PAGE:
RV campgrounds are available across the United States. Follow these tips to find campgrounds along your chosen route, but be sure you know what each has to offer. Rules may vary, too (some, for example, don’t allow you to bring in firewood), so be familiar with them before you stop.
And look for alternatives: For example, Walmart doesn’t offer hookups, but it does allow RV users to use most of its parking lot. (You’ll need permission from the manager first.) Many RVers prefer retail establishments that close at night like Cracker Barrel or Cabela’s to allow for a quieter night’s sleep.
Secure the home front
If you’re not a full-time road-tripper, you’ll need to be sure your home base is safe and secure before you get going. Chances are, you’ll be gone for a while, so make sure your house is protected from intruders. Deadbolt locks are always a good idea; so are outdoor sensor lights and indoor lights that turn on automatically at night.
Not all threats come from the outside, though. It’s also important to protect your home from problems that can arise when you least expect them. If your pipes freeze when you’re gone, or something goes wrong with one of your major appliances, you’ll want to know you’re protected. A home warranty can do the trick by covering the cost of repairs to your essential systems.
Safety at the campground
Typically on a road trip, you’ll be spending hours away from your RV each day. You’ll want to take a few RV security measures. First, a new RV lock should be top of mind when purchasing an RV since most have interchangeable locks. Also, always trust your instincts and leave if a campground doesn’t feel right. Finally, consider installing a system like RV Whisper that monitors power, temperature, propane, and more.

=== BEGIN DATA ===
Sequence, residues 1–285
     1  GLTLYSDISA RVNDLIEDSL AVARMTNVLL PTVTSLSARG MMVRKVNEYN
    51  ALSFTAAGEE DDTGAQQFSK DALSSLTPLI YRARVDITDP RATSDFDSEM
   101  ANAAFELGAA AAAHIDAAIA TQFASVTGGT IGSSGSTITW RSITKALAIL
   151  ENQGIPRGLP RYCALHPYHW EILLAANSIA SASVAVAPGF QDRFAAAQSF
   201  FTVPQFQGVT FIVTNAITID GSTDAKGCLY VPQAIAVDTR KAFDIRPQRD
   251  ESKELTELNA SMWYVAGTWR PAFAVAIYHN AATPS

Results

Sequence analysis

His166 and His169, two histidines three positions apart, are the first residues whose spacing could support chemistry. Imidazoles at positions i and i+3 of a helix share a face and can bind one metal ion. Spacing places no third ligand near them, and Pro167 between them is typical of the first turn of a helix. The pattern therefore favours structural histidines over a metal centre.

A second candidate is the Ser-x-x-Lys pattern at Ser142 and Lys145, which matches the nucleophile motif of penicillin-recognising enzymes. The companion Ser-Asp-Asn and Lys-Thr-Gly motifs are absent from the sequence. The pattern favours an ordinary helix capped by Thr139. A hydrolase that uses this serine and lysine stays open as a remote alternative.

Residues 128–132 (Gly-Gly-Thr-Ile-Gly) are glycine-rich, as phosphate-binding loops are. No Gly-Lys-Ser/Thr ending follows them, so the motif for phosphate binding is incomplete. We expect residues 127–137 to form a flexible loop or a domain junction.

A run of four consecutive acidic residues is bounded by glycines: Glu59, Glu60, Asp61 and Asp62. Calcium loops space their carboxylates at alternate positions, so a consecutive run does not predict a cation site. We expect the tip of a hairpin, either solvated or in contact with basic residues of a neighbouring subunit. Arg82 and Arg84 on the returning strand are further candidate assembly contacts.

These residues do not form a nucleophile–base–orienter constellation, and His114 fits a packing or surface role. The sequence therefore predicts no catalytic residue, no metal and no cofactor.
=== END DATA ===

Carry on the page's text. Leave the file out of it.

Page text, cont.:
Be financially prepared
An RV is a big investment, and the time you take to explore is a major commitment. As with any other major investment, you need to make sure you’re financially prepared — which includes different budgeting and funding factors for RV travel.
You’ll need to increase your fuel budget, for example. Your gas mileage will be significantly less than what you get in a car, so calculate it and adjust your projected costs accordingly. (Gas prices also vary a lot by state, so factor that in, too.) Another thing to consider: Diesel RVs tend to be more fuel-efficient. Look for strategies to save on RV travel.
Then there’s RV insurance. Many insurers offer a reduced rate for their coverage when the RV is in storage. And you’ll want to have enough money budgeted for a long trip with possible detours, souvenirs, and weather-related mishaps. Beyond that, make sure you have an emergency savings fund as a backup just in case you need it.
There’s a lot to think about when you’re living on the road, but planning and preparation beforehand can make your experience much more enjoyable. Do plenty of research and make a checklist to be sure you don’t forget anything. Then you can hit the road with the knowledge that a great time lies ahead.
Guest Post by Molly Barnes, a full-time digital nomad, exploring and working remotely in different cities in the US. She and her boyfriend Jacob created the website Digital Nomad Life to share their journey and help others to pursue a nomadic lifestyle.